The indicators will be delivered in the second half of 2017.

More information HERE.

Commenting on the developments, EAHP Vice-President Tajda Miharija Gala, and policy lead on AMR, remarked:

"Whilst it is  laudable that the European Commission is committing to a future EU Action Plan on AMR, I want to emphasise again the need for a relentless focus on achieving more prudent use of antimicrobials in the human health sector. EAHP suggests this should include defining at the European level the roles of various healthcare professionals in achieving prudent use. The role of hospital pharmacists, and other healthcare professionals, should be set out in European and national plans. For hospital pharmacists this includes our role in antimicrobial stewardship teams, monitoring and supporting other healthcare professionals in decision-making, and counselling patients on appropriate use of antibiotics."

**Readers of the EAHP EU Monitor are encouraged to play their part in improving public awarenesss about antimicrobial resistance by supporting European Antibiotic Awareness Day activities on 18th November. More information HERE.** 


TrialsTracker tool shines new light on clinical trial transparency problems

A new transparency study has confirmed that roughly half of all clinical trials run by pharmaceutical companies, universities and other major research sponsors remain unpublished.

TrialsTracker is a tool developed at the University of Oxford that automatically rates transparency on clinical trials by checking if there are results available in clinicaltrials.gov and PubMed.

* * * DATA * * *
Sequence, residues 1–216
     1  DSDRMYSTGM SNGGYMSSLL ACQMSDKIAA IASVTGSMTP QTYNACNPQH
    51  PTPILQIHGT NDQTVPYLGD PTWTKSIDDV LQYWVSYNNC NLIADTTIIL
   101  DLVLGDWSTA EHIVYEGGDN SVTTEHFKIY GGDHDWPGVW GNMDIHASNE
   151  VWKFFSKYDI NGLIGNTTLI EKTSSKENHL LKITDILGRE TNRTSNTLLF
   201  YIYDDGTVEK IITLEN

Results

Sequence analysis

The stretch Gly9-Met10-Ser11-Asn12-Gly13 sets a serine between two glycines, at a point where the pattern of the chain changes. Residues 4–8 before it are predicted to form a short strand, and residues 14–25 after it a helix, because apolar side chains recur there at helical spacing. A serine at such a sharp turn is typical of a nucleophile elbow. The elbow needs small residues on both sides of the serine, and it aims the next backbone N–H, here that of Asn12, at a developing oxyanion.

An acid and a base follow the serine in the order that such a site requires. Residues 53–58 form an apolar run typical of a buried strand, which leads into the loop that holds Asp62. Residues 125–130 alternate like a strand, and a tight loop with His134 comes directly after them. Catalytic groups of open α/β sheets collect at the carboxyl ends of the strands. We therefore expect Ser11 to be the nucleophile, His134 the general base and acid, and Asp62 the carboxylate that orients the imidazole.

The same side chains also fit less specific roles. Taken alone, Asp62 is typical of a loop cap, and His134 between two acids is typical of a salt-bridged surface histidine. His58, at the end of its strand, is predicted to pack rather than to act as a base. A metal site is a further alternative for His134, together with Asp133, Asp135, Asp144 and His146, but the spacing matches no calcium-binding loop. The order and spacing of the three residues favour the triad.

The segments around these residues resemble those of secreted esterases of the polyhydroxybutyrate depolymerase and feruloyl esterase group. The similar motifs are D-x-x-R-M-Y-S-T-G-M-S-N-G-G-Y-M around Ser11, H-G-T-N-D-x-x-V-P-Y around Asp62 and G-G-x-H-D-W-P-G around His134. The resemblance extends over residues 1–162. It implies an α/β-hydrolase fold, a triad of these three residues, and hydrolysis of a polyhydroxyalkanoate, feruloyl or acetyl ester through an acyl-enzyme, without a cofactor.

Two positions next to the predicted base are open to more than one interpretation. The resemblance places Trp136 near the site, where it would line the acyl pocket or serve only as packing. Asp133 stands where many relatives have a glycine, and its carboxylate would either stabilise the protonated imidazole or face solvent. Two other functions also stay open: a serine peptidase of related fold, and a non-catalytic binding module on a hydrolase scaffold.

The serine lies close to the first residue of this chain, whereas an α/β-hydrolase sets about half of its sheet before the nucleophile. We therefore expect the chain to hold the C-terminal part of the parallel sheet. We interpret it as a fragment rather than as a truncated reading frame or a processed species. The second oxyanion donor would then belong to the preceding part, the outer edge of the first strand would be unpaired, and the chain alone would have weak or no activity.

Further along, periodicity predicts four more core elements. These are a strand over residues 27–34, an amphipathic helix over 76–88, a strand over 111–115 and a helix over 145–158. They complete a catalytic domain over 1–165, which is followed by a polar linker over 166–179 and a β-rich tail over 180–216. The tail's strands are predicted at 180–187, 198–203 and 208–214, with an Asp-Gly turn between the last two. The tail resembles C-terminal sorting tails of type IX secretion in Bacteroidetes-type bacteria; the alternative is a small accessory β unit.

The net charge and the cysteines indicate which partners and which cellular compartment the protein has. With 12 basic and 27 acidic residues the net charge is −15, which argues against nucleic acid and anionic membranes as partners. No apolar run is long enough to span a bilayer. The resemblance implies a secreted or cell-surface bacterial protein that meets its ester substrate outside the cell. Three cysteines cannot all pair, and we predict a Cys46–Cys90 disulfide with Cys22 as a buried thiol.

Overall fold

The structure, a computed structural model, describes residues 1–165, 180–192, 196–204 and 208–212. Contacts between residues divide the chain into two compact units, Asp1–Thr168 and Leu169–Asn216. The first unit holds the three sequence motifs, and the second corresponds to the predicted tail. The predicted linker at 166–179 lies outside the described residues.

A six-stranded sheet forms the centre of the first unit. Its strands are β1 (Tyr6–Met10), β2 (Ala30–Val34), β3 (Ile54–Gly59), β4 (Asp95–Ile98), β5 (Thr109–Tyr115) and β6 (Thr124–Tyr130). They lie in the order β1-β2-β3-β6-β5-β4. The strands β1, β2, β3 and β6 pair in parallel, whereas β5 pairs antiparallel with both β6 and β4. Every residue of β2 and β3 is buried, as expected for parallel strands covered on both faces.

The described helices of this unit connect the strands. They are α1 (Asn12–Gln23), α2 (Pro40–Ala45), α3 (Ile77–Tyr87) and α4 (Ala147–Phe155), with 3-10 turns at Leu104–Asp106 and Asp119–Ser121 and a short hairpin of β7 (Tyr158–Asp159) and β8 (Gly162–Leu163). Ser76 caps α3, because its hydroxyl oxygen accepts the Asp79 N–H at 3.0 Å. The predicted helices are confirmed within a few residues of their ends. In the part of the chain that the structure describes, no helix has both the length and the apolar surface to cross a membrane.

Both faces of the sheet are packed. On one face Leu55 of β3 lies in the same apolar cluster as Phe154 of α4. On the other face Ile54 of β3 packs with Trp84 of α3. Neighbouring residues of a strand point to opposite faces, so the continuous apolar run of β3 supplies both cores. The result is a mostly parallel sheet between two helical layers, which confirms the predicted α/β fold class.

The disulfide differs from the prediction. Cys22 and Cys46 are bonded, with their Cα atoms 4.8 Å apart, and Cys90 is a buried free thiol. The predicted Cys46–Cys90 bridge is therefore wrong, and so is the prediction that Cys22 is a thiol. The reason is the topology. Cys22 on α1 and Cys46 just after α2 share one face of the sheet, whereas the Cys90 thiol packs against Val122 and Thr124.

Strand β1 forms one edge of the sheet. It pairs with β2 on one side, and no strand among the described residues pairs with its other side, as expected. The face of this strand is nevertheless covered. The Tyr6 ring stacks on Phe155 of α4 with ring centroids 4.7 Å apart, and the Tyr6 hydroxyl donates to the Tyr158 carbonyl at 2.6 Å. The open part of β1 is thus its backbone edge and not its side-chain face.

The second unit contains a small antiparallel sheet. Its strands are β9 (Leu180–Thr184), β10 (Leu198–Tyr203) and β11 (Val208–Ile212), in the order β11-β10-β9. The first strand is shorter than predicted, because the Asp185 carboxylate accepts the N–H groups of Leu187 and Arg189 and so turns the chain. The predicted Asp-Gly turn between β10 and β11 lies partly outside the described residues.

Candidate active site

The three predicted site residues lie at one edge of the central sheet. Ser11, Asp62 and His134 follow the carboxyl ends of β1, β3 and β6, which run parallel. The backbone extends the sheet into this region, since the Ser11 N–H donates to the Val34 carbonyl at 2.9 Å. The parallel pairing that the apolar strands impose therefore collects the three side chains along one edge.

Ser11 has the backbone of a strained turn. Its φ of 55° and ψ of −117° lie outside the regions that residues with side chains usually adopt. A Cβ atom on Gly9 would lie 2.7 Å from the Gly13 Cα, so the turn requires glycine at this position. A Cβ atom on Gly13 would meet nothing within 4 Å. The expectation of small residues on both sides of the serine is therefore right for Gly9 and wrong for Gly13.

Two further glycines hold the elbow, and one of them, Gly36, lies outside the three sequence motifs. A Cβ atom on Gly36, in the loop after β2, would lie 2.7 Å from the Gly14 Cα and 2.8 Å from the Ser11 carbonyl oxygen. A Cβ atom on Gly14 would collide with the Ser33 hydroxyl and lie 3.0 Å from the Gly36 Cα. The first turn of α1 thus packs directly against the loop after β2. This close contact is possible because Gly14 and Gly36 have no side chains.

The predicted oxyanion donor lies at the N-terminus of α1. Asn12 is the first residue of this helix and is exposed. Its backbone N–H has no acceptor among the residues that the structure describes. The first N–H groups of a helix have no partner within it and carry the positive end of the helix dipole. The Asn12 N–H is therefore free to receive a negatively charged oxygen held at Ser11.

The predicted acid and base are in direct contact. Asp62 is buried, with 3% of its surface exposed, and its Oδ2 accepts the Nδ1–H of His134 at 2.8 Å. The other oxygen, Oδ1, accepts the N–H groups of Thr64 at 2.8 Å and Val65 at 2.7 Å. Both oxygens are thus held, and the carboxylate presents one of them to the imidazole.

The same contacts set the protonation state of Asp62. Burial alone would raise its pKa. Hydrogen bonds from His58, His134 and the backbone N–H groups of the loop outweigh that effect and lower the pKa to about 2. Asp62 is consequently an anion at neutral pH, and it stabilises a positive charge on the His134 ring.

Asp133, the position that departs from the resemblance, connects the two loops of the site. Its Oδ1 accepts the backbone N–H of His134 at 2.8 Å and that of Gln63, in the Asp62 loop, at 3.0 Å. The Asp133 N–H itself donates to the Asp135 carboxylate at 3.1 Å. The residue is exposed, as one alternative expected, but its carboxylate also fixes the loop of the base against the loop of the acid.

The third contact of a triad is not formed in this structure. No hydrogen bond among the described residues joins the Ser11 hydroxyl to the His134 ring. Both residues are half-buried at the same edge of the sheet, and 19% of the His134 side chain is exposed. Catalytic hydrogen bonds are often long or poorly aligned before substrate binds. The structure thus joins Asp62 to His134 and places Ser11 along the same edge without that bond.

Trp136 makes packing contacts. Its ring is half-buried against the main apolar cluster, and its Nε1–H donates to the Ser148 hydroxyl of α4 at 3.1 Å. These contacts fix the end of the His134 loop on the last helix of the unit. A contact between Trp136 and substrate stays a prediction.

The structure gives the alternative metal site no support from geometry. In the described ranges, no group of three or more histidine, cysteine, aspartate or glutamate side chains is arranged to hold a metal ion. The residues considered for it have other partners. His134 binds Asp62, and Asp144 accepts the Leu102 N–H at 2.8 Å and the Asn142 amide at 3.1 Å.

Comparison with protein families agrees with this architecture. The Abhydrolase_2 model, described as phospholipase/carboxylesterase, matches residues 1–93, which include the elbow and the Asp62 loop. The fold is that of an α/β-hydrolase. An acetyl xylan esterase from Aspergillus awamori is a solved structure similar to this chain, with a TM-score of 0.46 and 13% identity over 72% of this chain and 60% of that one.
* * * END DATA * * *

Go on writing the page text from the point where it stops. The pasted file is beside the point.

The tool provides a league table of companies and institutions and the percentage of their completed trials that have been published. Results vary with some companies and institutions scoring as high as 65% of trials unpublished, with other companies institutions scoring 100% published.

More information HERE

Meanwhile, in a move hailed as a landmark for transparency in medical science, the European Medicines Agency has begun to publish details of the full clinical-trial data that it receives from pharmaceutical companies.

On 20 October, the agency published 100 clinical reports about two EMA-approved medicines (carfilzomib, a cancer drug, and lesinurad, a gout treatment) that together run to around 260,000 pages. The disclosures make the EMA the first major regulatory agency to publish the warts-and-all results of clinical investigations that developers of medicines submit when they apply for the agency's approval to market medicines in the European Union.

These clinical study reports (CSRs) are much more detailed than the papers that companies publish in scientific journals — which studies have shown are an "incomplete source of information on new medicines", says Larry Peiperl, the chief editor of PLoS Medicine. The CSRs include both positive and negative results, and details of drugs' adverse effects.

More information HERE.  


EJHP: Hospital doctors' views of, collaborations with and expectations of clinical pharmacists 

The online first edition of the European Journal of Hospital Pharmacy (EJHP) has this week published an original article examining the views of hospital doctors towards clinical pharmacists.

More information HERE.